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Tractor Talk Discussion Forum

ot, p- 39

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ericlb

07-12-2019 11:34:19




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ok wwll guys i started a heated discussion on another site, the subject is the p - 39, it was a great ground attack aircraft below 12000 ft, but above that its performance was, well, disappointing. now if i read correctly the first mustangs had the same problem, until a Packard Merlin engine was fitted to it, then it was one of the fastest propeller airplanes built. so since the p-39 was a heavy hitter in the ground attack role, why wasnt that power plant put in it, making it better too, ???

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MarkB_MI

07-13-2019 09:15:32




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 Re: ot, p- 39 in reply to ericlb, 07-12-2019 11:34:19  
I'll add that the P-38 Lightning was also powered by the Allison V-1710, and there weren't many complaints about its performance at altitude. The difference being that the P-38's engines were turbosupercharged and intercooled.



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MarkB_MI

07-12-2019 14:43:15




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 Re: ot, p- 39 in reply to ericlb, 07-12-2019 11:34:19  
Well, there are a number of reasons, the main one being that Merlins were needed for Mustangs. Since the P-39s were almost all going to the Soviets, there wasn't a lot of motivation to divert Merlins for Airacobras destined for the USSR.

Bell did build a prototype P-63 Kingcobra with a Merlin, but the P-63 ended up going into production with the Allison V-1710 instead.

Understand that the poor high-altitude performance of the P-39 wasn't so much that it was powered by the Allison V-1710 but because the turbocharger was left off due to packaging considerations. If the Bell engineers had figured out how to squeeze the Allison's turbo into the tight Airacobra fuselage without any drag-inducing protrusions, they would have done so and the P-39's altitude performance would have been far better.

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JF in MI

07-12-2019 13:11:03




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 Re: ot, p- 39 in reply to ericlb, 07-12-2019 11:34:19  
My understanding was that the airframe, like the P-40, was already outdated at the beginning of the war compared to the P-51's laminar flow wing. One of the things people also forget is that Allison had relatively few engineers working on superchargers for their V-12. Rolls Royce had a a much bigger incentive, namely Nazis knocking at their front door.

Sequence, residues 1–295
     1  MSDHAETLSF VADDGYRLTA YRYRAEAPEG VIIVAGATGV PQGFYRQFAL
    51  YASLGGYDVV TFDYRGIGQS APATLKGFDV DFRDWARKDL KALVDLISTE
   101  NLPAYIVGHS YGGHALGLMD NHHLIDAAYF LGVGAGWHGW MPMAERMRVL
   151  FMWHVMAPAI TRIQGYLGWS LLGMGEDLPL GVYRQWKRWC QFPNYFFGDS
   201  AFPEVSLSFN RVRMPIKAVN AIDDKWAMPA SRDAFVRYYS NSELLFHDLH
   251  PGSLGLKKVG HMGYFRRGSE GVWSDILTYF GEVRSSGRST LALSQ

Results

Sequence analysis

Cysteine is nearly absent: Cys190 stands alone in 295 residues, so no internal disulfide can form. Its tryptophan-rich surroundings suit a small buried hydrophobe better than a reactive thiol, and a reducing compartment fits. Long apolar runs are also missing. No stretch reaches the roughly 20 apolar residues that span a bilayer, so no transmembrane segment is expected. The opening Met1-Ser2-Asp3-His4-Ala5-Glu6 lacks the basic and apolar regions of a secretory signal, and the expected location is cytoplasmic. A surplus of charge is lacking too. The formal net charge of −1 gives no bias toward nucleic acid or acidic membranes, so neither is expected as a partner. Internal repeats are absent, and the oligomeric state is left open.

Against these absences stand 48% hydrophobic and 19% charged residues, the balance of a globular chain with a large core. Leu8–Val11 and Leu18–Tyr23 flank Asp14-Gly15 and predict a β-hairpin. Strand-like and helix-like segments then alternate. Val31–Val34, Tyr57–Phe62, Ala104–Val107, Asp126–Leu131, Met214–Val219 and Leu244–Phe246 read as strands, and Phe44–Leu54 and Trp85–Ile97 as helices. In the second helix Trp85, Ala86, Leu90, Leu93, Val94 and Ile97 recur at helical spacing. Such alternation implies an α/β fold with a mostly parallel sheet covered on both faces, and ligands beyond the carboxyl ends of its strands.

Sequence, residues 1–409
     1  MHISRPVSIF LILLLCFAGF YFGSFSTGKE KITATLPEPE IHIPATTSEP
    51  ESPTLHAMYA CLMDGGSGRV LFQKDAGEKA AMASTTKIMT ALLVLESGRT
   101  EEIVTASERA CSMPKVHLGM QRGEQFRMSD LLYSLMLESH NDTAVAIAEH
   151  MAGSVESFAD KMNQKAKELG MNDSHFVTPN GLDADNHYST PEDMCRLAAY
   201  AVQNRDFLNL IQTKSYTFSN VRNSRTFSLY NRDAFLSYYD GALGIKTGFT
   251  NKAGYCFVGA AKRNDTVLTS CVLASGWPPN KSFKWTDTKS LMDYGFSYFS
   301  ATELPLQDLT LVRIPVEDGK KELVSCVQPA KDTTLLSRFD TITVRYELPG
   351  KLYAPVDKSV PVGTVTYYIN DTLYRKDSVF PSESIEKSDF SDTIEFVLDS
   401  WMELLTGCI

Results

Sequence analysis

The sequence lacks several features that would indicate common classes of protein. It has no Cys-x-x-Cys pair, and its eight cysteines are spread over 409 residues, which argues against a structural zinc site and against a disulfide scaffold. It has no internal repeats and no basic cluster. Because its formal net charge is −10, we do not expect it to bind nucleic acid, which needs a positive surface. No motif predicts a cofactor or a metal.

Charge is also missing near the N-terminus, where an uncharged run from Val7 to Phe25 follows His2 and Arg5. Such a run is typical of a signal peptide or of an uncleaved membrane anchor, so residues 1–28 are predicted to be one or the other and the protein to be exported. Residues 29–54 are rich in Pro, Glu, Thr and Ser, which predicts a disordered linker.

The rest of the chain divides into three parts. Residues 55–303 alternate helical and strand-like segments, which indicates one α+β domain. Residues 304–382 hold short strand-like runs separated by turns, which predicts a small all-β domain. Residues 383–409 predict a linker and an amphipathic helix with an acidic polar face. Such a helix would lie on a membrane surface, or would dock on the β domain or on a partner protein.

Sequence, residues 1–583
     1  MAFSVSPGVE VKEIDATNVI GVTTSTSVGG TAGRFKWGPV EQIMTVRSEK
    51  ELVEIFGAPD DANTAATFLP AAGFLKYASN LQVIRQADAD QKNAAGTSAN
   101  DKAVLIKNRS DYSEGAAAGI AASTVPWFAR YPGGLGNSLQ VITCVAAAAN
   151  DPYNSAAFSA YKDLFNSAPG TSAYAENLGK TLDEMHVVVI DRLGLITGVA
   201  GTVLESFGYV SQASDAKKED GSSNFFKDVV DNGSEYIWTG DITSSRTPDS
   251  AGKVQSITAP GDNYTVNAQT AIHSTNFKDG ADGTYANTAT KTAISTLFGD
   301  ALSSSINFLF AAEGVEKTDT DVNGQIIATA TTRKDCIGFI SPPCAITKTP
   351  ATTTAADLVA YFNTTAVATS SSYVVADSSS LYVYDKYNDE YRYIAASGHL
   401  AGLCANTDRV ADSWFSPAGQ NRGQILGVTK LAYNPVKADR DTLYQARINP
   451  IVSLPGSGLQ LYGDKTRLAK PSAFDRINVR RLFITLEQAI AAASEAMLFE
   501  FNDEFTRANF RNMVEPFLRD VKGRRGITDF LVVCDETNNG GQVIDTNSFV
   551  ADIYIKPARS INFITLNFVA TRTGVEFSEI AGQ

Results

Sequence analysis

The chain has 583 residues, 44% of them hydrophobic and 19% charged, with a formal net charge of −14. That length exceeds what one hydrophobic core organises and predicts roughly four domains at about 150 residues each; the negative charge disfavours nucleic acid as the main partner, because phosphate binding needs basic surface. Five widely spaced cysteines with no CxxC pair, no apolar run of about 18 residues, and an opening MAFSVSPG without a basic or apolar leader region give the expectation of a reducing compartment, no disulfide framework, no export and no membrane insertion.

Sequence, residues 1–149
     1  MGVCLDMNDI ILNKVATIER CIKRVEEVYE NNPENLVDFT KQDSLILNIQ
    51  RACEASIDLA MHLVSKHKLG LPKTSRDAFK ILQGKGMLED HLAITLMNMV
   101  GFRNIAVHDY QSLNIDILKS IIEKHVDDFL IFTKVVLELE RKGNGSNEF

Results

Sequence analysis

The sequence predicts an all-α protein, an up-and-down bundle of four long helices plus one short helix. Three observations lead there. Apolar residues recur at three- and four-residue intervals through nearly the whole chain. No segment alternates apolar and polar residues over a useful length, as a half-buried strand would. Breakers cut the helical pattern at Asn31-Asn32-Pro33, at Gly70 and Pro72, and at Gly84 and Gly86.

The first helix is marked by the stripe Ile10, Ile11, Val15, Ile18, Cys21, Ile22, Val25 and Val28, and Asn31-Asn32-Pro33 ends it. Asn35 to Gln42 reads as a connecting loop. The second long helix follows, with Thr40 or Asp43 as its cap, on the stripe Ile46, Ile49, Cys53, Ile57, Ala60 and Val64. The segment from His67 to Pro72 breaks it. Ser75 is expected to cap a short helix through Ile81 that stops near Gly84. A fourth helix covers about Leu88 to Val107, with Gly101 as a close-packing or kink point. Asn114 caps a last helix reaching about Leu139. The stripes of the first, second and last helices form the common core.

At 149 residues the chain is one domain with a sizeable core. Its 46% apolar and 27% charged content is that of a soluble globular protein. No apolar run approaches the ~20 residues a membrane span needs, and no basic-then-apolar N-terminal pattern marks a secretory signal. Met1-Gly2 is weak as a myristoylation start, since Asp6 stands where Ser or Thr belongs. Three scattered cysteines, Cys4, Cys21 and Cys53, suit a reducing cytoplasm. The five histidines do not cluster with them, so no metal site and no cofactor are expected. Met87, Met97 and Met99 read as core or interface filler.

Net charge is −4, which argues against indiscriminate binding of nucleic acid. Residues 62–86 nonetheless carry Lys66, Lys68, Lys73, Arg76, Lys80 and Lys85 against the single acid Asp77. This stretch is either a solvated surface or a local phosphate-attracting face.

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Nik Owen

07-12-2019 14:51:56




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 Re: ot, p- 39 in reply to JF in MI, 07-12-2019 13:11:03  
ARMY AIR CORPS DELETED TNE BLOWER IT NEEDED...BUT, RUSSIANS KILLED TANKS & ARMOR, LIKE NO TOMORROW, W/EM...THEY LOVED THEM...P-63 KING COBRA, HAD LAMINAR WING, BIGGER ALLISON...DID U KNOW, P-39 HAD PILOT DOOR, ON BOTH SIDES?? WHY?? CONTROLS ON L, NO EXIT...BUT LARRY BELL WAS BRILLIANT INVENTOR/SALESMAN...MANY X-PLANES & VICTORIES...BE BLESSED, GRATEFUL, PREPARED...CAF P-39, HAD GARDEN HOSE FEMALE, TO KEEPTOPPING UP COOLING, AFTER LONG TAXIIS...READ 'RAGGED, RUGGED WARRIORS""

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Doug - Iowa

07-12-2019 13:29:26




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 Re: ot, p- 39 in reply to JF in MI, 07-12-2019 13:11:03  
Rolls no doubt the better engine but the British ones were basically hand made. Took American engineering to produce them in the quantities needed for the war effort.



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Ian Beale

07-13-2019 02:06:44




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 Re: ot, p- 39 in reply to Doug - Iowa, 07-12-2019 13:29:26  
Merlin production

Total about 168000

Packard 55873

Rolls Royce Derby about 31090

Rolls Royce Crewe 26065

Rolls Royce Hillington 23647

Ford (UK) 30428

Continental 897

From Haynes Rolls Royce Merlin 1933-50 (all engine models) Owners' Workshop Manual

The Rolls expert on superchargers was Stanley Hooker. More in his book "Not much of an engineer"

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